Quality Australian stocks or not? 2 hits (and 3 misses)
Two Australian stocks – an unloved commodities play and a global audio technology firm – are top of mind for the three Quality-focused fund managers interviewed below. We’ll reveal the companies shortly.
In the first part of this series, the fundies each explained how they define Quality (alongside the more starkly different Growth and Value styles). They also discussed how they find companies that meet their exacting criteria.
And in this concluding wire, I asked them to reveal some specific company picks.
But first, the pretenders.
“Qube has that halo of being perceived as high quality but really, it’s a relatively lower quality infrastructure stock,” he says.
“Returns on capital are relatively low, in the mid-single digits, and management has been far from transparent in showing the returns of the different divisions.”
O’Neill also cites high CAPEX over the last decade, a series of dud acquisitions, and share purchase plans that have done little but dilute existing investors. He also regards Qube as expensive, trading on a 28-times PE ratio, with a 2.5% div yield and weak cash flow conversion.
One tech firm that's unlike the other
Vertium Asset Management CIO Jason Teh points to the contrasts between REA Group (ASX: REA) and Altium (ASX: ALU) to highlight a common investor mistake.
“They’re often grouped together because of their high growth prospects but from a quality perspective, they aren’t the same,” he says.
“Both have a high return on equity and very strong market positions. But Altium’s earnings are lower quality, as the company aggressively discounts its software products in an economic slowdown. REA’s earnings are a higher quality as they remain relatively stable when the housing market slows.”
Why Afterpay was never Quality
And finally, Elston Asset Management portolio manager Justin Woerner knocks Afterpay down a notch, arguing it was never a Quality business – despite being priced like one.
“The uptake by merchants was exciting, who became the largest advertisers and promoters of Afterpay’s services. But to be a quality company, you need strong and sustainable competitive advantages,” he says.
Woerner argues that the commoditised product of BNPL services, and low barriers to entry, “any business who could source funding and build a simple technology platform could compete, and this is what we saw.”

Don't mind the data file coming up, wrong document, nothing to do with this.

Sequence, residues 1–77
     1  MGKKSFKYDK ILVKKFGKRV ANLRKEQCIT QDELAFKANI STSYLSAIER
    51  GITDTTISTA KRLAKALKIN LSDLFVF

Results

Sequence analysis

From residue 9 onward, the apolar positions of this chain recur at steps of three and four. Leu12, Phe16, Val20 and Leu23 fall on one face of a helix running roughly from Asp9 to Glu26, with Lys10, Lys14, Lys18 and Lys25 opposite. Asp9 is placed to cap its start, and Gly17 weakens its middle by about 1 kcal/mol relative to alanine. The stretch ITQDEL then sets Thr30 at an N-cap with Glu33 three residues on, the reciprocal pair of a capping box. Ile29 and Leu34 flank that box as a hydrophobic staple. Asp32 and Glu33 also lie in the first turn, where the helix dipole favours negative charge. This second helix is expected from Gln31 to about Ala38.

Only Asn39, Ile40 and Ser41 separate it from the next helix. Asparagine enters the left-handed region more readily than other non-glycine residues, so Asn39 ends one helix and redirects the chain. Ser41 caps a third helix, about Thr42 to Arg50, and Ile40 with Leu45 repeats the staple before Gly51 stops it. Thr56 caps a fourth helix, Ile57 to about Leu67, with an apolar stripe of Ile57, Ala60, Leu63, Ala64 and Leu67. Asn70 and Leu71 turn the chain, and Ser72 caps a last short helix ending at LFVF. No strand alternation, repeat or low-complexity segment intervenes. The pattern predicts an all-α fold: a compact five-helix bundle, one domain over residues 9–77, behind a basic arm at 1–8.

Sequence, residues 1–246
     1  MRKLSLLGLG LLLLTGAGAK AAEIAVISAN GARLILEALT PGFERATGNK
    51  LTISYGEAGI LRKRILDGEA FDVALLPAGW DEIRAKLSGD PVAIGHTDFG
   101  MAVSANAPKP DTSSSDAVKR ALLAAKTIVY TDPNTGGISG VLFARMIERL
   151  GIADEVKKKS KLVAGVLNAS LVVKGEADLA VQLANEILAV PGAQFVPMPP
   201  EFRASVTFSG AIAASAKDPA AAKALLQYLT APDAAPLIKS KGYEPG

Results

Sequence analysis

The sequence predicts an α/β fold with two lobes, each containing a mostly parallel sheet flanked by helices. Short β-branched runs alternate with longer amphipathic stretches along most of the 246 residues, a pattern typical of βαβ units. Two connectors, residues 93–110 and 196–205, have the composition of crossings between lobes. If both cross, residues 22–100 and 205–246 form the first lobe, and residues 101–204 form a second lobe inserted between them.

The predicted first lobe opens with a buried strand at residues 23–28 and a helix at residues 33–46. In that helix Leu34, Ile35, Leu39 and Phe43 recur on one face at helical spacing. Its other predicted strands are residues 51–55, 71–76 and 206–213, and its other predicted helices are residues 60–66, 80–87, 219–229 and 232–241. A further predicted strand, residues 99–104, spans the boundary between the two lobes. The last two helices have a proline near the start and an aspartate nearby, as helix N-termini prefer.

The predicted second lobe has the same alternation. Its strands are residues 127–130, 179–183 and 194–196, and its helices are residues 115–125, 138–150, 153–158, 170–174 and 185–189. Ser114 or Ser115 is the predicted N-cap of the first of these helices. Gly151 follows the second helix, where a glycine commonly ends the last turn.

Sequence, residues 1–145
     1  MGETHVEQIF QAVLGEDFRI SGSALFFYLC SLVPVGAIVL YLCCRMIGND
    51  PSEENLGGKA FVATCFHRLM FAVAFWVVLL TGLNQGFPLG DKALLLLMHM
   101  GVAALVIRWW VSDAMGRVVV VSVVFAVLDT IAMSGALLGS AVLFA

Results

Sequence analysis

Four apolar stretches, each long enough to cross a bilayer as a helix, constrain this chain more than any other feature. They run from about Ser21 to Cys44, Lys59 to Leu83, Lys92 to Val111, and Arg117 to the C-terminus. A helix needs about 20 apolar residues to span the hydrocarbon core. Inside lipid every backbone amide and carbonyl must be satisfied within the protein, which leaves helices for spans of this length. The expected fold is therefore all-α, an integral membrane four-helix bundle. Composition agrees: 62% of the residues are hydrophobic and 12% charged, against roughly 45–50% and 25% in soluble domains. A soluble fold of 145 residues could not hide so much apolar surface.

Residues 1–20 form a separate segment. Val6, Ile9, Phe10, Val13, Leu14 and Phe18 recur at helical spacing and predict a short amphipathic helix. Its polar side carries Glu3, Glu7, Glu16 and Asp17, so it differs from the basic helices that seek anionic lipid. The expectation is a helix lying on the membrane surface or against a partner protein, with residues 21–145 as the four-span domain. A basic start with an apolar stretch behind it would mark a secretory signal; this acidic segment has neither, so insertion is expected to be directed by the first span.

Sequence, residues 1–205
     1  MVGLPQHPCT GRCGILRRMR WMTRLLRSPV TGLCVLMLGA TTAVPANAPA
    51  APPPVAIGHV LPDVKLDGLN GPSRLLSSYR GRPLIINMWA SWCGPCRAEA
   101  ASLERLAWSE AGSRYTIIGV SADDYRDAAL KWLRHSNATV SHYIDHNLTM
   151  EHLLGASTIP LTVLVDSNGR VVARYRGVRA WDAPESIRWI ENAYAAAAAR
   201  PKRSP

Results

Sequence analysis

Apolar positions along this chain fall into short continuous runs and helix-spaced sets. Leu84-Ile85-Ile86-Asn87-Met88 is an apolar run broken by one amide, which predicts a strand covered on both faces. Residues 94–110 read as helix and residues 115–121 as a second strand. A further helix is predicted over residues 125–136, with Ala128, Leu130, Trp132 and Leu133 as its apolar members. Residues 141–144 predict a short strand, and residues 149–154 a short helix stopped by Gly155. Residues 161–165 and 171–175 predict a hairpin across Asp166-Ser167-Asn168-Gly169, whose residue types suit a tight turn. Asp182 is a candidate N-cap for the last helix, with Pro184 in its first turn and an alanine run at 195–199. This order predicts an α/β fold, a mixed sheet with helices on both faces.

“Over time the number of competitors increased, and the sector became crowded with other providers,” says Woerner.
Now, let’s turn to the companies they believe can rightly claim the Quality title.
The two "true quality" picks
An unloved company at a discount
Michael O’Neill, Investors Mutual Limited
Aurizon stands out as an unloved and deeply discounted company, but it’s actually a high-quality infrastructure stock. And we regard it as such because it has regulatory and contractual protections that position it well for an inflationary environment.
It also comes down to competitive advantage and sustainable cash flows. About 60% of AZJ’s earnings are from its regulated monopoly – the Central Queensland Coal Rail Network – which should see it sustaining or even growing earnings over time. That’s because the regulated returns are adjusted upwards as interest rates rise. The company also gets a “true-up” at each regulatory period, which is every four years, for the difference between the inflation the company forecasts and actual inflation.
Another 40% of AZJ’s earnings come from essential haulage services for high-quality Australian coal and bulk commodities. This isn’t regulated but earnings are secured with high-quality producers under five to 10-year contracts. The company also gets insulation against cost inflation with almost 100% pass-through of fuel cost increases.